Finally, I want everybody to know that EPA submitted comments to the draft scope for the EIS that the city put out for the Gowanus rezoning. The comments were forwarded to the CAG. I do want to say one thing – something I saw in the press which I will clarify. I saw something in the press that said EPA said there will be no impacts of the zoning on the remedy. I called the press officer and just before that quoted that, “the ROD requires that there will be no impacts.” We say and also in our comments that we require that there will be no impacts. We will be asking for a lot of information and that is a clarification.

CAG: Mid canal tank – do you know when the City will submit it to the Public Design Commission?

EPA: No, not off the top of my head.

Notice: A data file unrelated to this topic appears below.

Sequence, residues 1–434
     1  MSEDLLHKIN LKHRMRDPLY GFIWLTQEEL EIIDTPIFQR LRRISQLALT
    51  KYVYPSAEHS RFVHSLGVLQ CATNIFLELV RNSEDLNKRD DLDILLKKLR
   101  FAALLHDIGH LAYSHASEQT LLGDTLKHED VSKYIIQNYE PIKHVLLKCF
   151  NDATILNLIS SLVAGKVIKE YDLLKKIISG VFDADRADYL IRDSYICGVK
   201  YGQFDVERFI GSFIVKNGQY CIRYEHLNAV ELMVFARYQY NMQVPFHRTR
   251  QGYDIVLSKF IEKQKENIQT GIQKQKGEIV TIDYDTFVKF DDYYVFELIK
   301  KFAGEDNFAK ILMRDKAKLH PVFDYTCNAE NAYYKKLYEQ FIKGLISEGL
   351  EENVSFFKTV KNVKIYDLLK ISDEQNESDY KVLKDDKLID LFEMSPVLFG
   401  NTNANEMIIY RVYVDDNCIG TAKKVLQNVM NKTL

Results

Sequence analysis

CAG: What about tunnel vs. tank?

EPA: Let me put it this way. I’ve been working on this project for nine years. During that time a lot of ideas have come across my desk, so we look at these ideas, and we act or we don’t act, but we continue with our work. The last idea that came across – why don’t we dredge the canal, mix with cement and put it back into the canal? The first idea is why do we need tanks? Why any controls on the CSO? In the very beginning, that was the first idea, and it was put in with fervor, we considered it. Aren’t you glad we didn’t do that? There’s a lot of information. There’s a timeline. We’re acting on our plan. We will talk to you about it. Back to what I said in February– we’re going to talk about it [with EPA Regional Administrator Pete Lopez].

CAG: Somebody called me to check [the figures about the Gowanus rezoning estimates], are these right: 179 thousand gallons to over a million gallons?

EPA: Closer to two million. Yes, that was in the statement of work – it doesn’t take commercial into account, and when the city proposes/projects it, it will be closer to two million.

CAG What is the maximum the tanks can hold?